There seemed to less relishes and side-dishes compared to Indian food, which to me always appears to be surrounded by little delicious yoghurt dishes, sliced onions, pickles, chutneys and dips. There was hot, sour lime chutney, and there was also fried sambol – a relative of the SE Asian sambal? – which was dried, shredded fish and red chilli ditto that had been dry-roasted in a frying pan. In Negombo I was served different kind, that had been done in oil and tasted almost exactly like some of the preserved shrimp/chilli paste you get in Malaysian food. Apparently there is also a variety called pol sambol which is chilli mixed with coconut. On many occasions I had a sort of salad/relish which was made from finely chopped greens (young spinach?), grated coconut, and shredded green chilli, which was fiery hot.
On the beach in Negombo: beef in coconut milk curry, green bean curry, daal and brinjal curry, served with lime pickle, mango chutney and sambol. Rice came on a separate huge plate with a basket of poppadums for support.
One of the best meals – apart from of course the one made with my fishing catch, which you can read about in the previous diary – I had was my last in Sri Lanka, in a restaurant called Ammehula, in Negombo. Apart from the immensely friendly welcome of the head waiter, the seafood was fantastic; a plate bearing a tuna steak, seer ditto, a shark fillet and some lovely lagoon prawns was brought to table, and I was asked which one I liked the look of. I went for the Negombo lagoon prawns, as they looked fresh enough to eat raw, and they were shelled (but with head left on), skewered and barbecued with lots of garlic, chilli and coriander. Sadly this was my last day in Sri Lanka and the battery on my digital camera had given out on me so I did not manage a photo of this feast.
Don’t drink arrack when you have stuff to do the next day.
As for drinks, most places offered a local bottled pilsner-style ‘Lion’ beer and also imported (or possibly brewed under license) Carlsberg. There is also a premium lager called Three Coins, which I had on the plane on the way in and was very nice. I would recommend the curious to try the local distilled spirit arrack (made from coconut toddy) once, but it really isn’t very good for sipping, or for drinking in large quantities before a day when you have affairs to attend to. It is generally taken mixed with ginger beer or cola drink. An ice-cold beer is accompanied most ably by a large plate of ‘devilled’ cashews; the nuts being deep-fried, drained and shaken with hot chilli powder and salt. I have yet to come across cashews that are as large and meaty-tasting as those from Sri Lanka, and I took the precaution of buying plenty at the airport on the way home. Even today I surprise my house guests by producing devilled cashews with the chota pegs before dinner, and although the cashews are the rather inferior store-bought variety, there are rarely any left over on the serving plate by the time the first course is served.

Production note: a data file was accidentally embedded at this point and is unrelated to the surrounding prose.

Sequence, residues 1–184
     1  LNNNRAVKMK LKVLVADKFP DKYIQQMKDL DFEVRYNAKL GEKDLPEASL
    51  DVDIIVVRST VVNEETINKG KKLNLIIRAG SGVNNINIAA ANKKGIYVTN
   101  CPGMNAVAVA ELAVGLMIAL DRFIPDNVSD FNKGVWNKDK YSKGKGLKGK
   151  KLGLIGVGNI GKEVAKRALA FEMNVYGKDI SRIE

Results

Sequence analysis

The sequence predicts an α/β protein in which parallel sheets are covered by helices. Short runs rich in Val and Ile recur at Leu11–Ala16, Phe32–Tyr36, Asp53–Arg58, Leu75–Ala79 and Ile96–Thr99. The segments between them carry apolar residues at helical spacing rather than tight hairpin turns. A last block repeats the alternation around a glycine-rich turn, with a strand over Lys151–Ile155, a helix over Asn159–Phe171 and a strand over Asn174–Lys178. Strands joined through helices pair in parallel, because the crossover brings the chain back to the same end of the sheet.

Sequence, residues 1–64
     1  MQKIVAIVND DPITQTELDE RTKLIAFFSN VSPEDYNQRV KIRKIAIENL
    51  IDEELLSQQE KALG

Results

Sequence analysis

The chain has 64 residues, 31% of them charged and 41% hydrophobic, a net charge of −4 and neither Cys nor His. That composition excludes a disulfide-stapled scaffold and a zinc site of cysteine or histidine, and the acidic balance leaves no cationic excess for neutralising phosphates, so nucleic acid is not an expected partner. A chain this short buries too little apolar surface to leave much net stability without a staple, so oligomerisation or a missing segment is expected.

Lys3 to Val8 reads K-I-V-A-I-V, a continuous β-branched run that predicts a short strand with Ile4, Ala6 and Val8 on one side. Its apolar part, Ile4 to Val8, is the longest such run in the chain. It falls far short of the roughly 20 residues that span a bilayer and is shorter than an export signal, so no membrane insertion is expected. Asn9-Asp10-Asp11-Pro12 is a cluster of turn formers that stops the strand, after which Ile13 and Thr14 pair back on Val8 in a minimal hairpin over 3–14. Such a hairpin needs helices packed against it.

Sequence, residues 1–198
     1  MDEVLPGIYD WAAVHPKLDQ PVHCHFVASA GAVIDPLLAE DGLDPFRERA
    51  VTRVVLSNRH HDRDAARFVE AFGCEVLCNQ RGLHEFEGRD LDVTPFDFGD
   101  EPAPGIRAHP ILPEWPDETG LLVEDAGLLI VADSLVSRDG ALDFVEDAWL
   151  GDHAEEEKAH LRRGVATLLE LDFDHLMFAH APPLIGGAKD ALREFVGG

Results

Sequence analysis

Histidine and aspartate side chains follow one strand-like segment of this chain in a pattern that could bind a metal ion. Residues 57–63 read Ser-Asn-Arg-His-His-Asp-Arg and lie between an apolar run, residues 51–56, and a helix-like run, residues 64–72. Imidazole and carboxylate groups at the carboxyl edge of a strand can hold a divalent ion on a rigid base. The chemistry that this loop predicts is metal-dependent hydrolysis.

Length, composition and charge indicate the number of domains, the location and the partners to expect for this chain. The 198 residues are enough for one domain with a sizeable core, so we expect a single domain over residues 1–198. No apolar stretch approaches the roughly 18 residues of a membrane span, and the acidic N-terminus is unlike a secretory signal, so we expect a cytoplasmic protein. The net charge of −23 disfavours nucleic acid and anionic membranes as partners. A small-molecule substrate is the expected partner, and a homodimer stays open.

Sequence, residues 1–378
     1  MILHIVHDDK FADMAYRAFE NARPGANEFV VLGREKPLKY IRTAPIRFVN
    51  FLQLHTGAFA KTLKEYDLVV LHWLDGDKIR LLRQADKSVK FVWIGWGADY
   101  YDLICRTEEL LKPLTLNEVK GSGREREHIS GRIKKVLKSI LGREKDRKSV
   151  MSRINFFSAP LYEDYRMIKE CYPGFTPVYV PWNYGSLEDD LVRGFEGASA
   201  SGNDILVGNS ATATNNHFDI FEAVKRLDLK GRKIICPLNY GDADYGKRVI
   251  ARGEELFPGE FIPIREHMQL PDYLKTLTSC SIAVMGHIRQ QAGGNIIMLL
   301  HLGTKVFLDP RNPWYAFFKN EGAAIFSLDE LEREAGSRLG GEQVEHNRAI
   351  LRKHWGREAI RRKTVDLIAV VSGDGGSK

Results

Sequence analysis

One thing I regret not trying is a traditional Sri Lankan breakfast; both the guesthouse in Kandy and the hotel in Negombo served up Western fare for the most important meal of the day. However, one morning the guesthouse did make me some rotti, with hot red sambol to go with, and they were delicious. Also, because I ate rice and curry basically every lunchtime, I did not have a chance to try other famous Sri Lankan foods, like hoppers or kotthu roti. I never got round to drinking a thambli coconut, despite there being a stall almost every hundred yards on the main roads, and the limit of my travels meant I couldn’t try any Tamil food either. There is always next time. It is with great sadness I read about Sri Lanka almost every week in the news on the BBC News website. Although my visit was short and my knowledge of Sri Lankan life the most superficial, I was constantly struck by the immense hospitality and genuine warmth of the people I met during my visit. The kingdom of Thailand is usually referred to as the ‘Land of Smiles’ but to be honest, Sri Lanka comes close too. These pleasant memories make it so much harder to read the stories of violence and terrible atrocities, sometimes on the very roads I myself travelled. I hope to visit again the island that Marco Polo described as the ‘finest of its size in the world’ in better times.